Midway through their June 1st, Tuesday night set in Portland, Oregon, MGMT frontman Andrew VanWyngarden singled out “Siberian Breaks” to dedicate to those in the all-ages portion of the Crystal Ballroom’s age-divided room. The song, from the group’s recent release Congratulations (QRO review), is fairly ambiguous on a lyrical level. In VanWyngarden’s own words, “There’s no reason / There’s no secret to decode.” As is the case with much of the Congratulations material, though, there is plenty to decode on a musical level. The song’s familiar melody nags at the brain. Is that harmony familiar from a Beach Boys record? Are the keyboards reminiscent of something from a John Cale production? While “Siberian Breaks” is a fine song in its own right, it serves two adverse purposes: in addition to being a highlight of Congratulations and a reason for listeners to return to that album, it also sends listeners off in the other direction, toward pop records of the late ‘60s and ‘70s, seeking the source of the nostalgic chill the song inspires.
With their breakthrough singles “Time to Pretend” and “Kids”, MGMT positioned themselves as a band, young as they were, with something to say to those still younger. In those songs and throughout the accompanying record, Oracular Spectacular, the group put their message into words. Whatever “Kids” lyrics “Control yourself / Take only what you need from it” mean, they are clearly phrased as a directive. One stereotype of the sophomore-record scenario is that a young group, overwhelmed by the pressures of success, will attempt to shake off their audience with an insular, inaccessible record. MGMT dealt with that pressure in a healthier way. Not interested in turning their audience off, they embraced their popularity as an opportunity to turn their audience on. Turn them on, that is, to Dan Treacy, Brian Eno and Spacemen 3, to name a few. Abandoning the band’s image as bare-chested, face-painted young sages, Congratulations simply and effectively communicates the joy of eccentric listening.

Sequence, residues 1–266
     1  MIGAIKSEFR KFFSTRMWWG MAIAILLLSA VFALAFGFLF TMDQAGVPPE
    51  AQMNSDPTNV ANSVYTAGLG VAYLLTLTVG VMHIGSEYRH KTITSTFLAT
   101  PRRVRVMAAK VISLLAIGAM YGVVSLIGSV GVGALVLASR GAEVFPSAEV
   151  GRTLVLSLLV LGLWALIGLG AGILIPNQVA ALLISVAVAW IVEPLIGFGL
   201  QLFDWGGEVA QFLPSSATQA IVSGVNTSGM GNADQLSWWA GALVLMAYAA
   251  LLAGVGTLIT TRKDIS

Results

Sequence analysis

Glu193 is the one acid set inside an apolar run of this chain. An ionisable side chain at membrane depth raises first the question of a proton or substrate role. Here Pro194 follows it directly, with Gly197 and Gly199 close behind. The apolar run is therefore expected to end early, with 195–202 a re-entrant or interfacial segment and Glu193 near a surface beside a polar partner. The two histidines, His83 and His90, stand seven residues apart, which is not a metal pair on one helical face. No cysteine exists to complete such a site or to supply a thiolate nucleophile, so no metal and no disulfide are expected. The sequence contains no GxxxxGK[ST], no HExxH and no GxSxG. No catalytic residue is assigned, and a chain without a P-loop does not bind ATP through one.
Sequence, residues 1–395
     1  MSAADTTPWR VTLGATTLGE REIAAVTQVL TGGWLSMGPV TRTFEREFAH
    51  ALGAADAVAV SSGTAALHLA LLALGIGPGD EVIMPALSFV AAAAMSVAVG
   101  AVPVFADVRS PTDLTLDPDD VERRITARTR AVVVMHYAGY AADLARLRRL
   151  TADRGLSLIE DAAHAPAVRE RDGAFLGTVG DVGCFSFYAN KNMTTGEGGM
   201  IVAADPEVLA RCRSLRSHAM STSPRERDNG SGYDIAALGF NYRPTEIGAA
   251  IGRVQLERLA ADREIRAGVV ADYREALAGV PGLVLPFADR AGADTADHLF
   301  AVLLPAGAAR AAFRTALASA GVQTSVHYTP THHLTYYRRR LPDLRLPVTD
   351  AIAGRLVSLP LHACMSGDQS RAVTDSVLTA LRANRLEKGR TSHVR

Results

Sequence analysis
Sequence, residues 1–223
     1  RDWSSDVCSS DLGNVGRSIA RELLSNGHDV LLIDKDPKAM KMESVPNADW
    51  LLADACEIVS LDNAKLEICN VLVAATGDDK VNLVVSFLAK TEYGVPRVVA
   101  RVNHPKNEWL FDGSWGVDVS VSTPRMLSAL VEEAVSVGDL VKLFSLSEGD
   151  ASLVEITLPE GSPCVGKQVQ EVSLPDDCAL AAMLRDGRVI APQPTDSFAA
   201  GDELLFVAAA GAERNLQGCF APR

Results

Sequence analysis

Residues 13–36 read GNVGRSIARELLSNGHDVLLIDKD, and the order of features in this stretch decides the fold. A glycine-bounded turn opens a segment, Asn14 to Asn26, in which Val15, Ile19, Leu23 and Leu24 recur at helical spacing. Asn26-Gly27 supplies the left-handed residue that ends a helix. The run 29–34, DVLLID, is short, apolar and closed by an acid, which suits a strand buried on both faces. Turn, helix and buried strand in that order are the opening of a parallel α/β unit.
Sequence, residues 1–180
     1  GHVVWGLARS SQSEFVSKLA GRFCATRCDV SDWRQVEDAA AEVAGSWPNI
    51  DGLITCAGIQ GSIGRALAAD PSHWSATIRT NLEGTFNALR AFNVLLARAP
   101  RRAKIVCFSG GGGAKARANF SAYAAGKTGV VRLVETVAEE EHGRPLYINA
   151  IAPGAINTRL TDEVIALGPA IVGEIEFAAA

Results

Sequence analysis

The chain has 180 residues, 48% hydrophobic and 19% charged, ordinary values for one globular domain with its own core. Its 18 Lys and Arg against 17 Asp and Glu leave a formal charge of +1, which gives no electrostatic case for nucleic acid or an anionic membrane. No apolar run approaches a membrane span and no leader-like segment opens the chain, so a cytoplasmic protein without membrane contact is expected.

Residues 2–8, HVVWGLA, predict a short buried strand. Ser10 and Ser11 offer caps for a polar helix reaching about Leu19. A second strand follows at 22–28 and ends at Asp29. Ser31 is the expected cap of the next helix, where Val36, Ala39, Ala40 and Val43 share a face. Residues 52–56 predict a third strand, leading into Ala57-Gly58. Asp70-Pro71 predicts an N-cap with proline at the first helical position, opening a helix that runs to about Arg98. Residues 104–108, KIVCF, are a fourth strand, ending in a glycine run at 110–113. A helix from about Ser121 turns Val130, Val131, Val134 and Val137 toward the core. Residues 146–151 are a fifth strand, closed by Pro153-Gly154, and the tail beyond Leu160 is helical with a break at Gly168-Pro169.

It’s no surprise that the bare-chested and face-painted fans were mostly found in the 21-plus portion of MGMT’s audience. Pop music is always youth-oriented to some extent and fully-grown listeners generally approach the music not to be challenged, but to be placated. These fans don’t believe that they have anything to learn from the group. The music helps them feel young and, for an evening’s entertainment, that is all they are looking for. The younger fans, of course, don’t need any help in that department. They look to VanWyngarden and his MGMT cohort Ben Goldwasser to share with them the wisdom of experience and to maybe point them toward some good records.
As it happens, MGMT need their young audience’s energy as much as the venue needs drink revenue from the older crowd. Although MGMT’s touring band was admirably professional, with every note in place and a particularly powerful performance by Congratulations participant and touring drummer Will Berman, several songs, notably those big hit singles, relied heavily on audience participation to come across. Far from the towering mass of synthesizers and the overall hugeness of the studio version, Tuesday’s version of “Time to Pretend”, with its lone synthesizer squiggling in the vastness of the Crystal, would have seemed weak without the audience’s energy behind it. Likewise, the group’s performance of “Kids”, the evening’s closing number, would have been downright ridiculous if the song wasn’t so beloved by the group’s fans. Stepping away from their instruments, VanWyngarden and Goldwasser each took a microphone in hand and sang the song to a pre-recorded backing track, subtly augmented by the remaining musicians. Despite the crowd’s energy and the charming silliness of MGMT’s slick-pop posturing, there is no getting around the fact that a soundboard fade-out is a singularly un-dramatic way to close a performance.
As they proved with the studio versions of “Time to Pretend” and “Kids”, MGMT know how to win an audience. If there is a narrative thread that links the broadly embraced Oracular Spectacular with the widely mistrusted Congratulations, it is that of a group making the admirable decision to focus their energies on improving on their weaknesses rather than capitalizing on their strengths. Although their best-recognized songs were among the evening’s weaker performances, one wonders at the rehearsal time the band must have put into the little-heard “Destrokk” to transform it from capable electro-pop into riveting Krautrock or to turn one of Congratulations‘s weaker moments, “I Found a Whistle”, into a wholly convincing monster ballad.
Like kids themselves, MGMT don’t necessarily seem interested in presenting themselves in a flattering light. Deemphasizing their easily-recognized public identity in favor of complex pop experiments like set-opener “Flash Delirium”, they stand the risk of alienating their public even as the work they have put into exploring every corner of their collective musical psyche pays off in glorious, unexpected ways.